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question on how switch forwards a frame.

Folks,

From all the reading that I have done I understand that when a switch wants to find the destination mac address it simply forwards the frame out all it's switch ports except the one that it received the frame on.

I am thinking on a topology where a HUB is connected to a port, say Gi0/1 and two computers A and B are connected on this HUB.

When A wants to talk to B how will the mac learning really happen?

Regards,

Nik

1 ACCEPTED SOLUTION

Accepted Solutions
Cisco Employee

question on how switch forwards a frame.

Hi Nik,

I understand that  when a switch wants to find the destination mac address it simply  forwards the frame out all it's switch ports except the one that it  received the frame on.

I am perhaps being too picky about the wording but let's make this statement more precise.

When a switch wants to find (i.e. look up) the destination MAC address, it tries to simply look it up in its MAC address table without first forwarding the frame. Only if the destination MAC address is not found there, the frame will be forwarded out all remaining ports. This flooding is not done in order to learn the unknown destination MAC address but simply because the switch tries to do its best to deliver the frame. The flooding has no direct relation to MAC address learning. MAC addresses are learnt as frames are received. If the destination station never responds, a switch can not learn its address because it never receives a frame from it.

When A wants to talk to B how will the mac learning really happen?

A will send a frame to B. This frame will propagate immediately through all other ports of the hub, reaching both B and the switch. B has now received the frame and it can process it. The switch sees the frame from A coming through its Gi0/1 port and learns about the sender A. Because it does not know about destination B, it floods the frame through all other ports in the same VLAN but it does not return it back to the hub.

When B responds to A, the response frame is propagated via the hub to all other connected ports including station A and the switch. Again, A is happy as it has received the response and it can process it. As for the switch, it will now receive the frame from B to A, it learns about station B on the Gi0/1 port, and because now the destination station A is also learned on the same Gi0/1 port, the switch will simply drop the frame silently.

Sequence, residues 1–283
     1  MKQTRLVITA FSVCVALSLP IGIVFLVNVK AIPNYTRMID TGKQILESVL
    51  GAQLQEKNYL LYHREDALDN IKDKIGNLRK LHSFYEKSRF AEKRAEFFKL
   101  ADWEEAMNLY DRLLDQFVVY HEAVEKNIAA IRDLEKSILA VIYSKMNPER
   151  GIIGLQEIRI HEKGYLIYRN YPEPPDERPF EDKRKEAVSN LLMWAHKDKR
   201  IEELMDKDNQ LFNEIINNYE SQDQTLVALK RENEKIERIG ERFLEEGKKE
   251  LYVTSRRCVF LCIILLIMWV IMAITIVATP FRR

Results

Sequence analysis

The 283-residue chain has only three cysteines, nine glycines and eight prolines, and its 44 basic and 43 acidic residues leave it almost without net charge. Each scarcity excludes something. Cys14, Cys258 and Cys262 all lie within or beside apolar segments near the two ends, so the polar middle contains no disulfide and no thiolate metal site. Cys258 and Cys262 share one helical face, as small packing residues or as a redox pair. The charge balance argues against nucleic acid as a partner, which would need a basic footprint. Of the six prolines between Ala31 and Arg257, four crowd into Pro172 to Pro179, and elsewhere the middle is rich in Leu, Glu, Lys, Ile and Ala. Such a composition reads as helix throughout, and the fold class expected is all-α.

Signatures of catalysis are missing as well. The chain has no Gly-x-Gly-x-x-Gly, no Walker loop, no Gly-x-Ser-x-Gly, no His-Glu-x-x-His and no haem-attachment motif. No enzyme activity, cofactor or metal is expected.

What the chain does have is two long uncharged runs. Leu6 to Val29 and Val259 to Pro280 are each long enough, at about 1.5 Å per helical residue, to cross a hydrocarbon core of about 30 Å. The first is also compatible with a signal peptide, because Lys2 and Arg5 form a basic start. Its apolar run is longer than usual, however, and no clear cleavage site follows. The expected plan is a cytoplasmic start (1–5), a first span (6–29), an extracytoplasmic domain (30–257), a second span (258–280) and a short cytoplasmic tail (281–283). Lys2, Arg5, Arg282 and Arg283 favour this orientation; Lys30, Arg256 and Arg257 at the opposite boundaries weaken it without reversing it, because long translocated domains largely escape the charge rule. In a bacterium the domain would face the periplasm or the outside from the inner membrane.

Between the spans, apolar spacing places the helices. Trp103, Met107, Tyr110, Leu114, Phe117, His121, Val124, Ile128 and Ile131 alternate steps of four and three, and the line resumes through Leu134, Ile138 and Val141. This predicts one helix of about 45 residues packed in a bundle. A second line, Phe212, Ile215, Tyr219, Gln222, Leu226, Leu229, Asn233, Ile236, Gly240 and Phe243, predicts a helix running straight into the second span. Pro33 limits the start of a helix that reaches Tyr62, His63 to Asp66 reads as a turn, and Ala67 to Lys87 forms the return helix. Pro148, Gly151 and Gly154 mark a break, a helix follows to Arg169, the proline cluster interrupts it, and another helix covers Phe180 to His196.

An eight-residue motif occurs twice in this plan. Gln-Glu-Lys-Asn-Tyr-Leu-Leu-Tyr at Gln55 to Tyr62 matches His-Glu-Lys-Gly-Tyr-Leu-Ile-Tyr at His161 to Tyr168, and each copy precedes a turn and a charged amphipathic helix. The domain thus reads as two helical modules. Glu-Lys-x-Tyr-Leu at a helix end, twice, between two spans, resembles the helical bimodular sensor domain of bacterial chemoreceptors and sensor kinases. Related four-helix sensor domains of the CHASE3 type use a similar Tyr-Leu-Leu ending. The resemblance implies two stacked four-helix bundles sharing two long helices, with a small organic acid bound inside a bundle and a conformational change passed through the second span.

Does this explain things a little? Please feel welcome to ask further!

Best regards,

Peter

2 REPLIES
Cisco Employee

question on how switch forwards a frame.

Hi Nik,

I understand that  when a switch wants to find the destination mac address it simply  forwards the frame out all it's switch ports except the one that it  received the frame on.

I am perhaps being too picky about the wording but let's make this statement more precise.

When a switch wants to find (i.e. look up) the destination MAC address, it tries to simply look it up in its MAC address table without first forwarding the frame. Only if the destination MAC address is not found there, the frame will be forwarded out all remaining ports. This flooding is not done in order to learn the unknown destination MAC address but simply because the switch tries to do its best to deliver the frame. The flooding has no direct relation to MAC address learning. MAC addresses are learnt as frames are received. If the destination station never responds, a switch can not learn its address because it never receives a frame from it.

When A wants to talk to B how will the mac learning really happen?

A will send a frame to B. This frame will propagate immediately through all other ports of the hub, reaching both B and the switch. B has now received the frame and it can process it. The switch sees the frame from A coming through its Gi0/1 port and learns about the sender A. Because it does not know about destination B, it floods the frame through all other ports in the same VLAN but it does not return it back to the hub.

When B responds to A, the response frame is propagated via the hub to all other connected ports including station A and the switch. Again, A is happy as it has received the response and it can process it. As for the switch, it will now receive the frame from B to A, it learns about station B on the Gi0/1 port, and because now the destination station A is also learned on the same Gi0/1 port, the switch will simply drop the frame silently.

Does this explain things a little? Please feel welcome to ask further!

Best regards,

Peter

New Member

question on how switch forwards a frame.

thanks Peter...this helps getting some basic comcepts in place..

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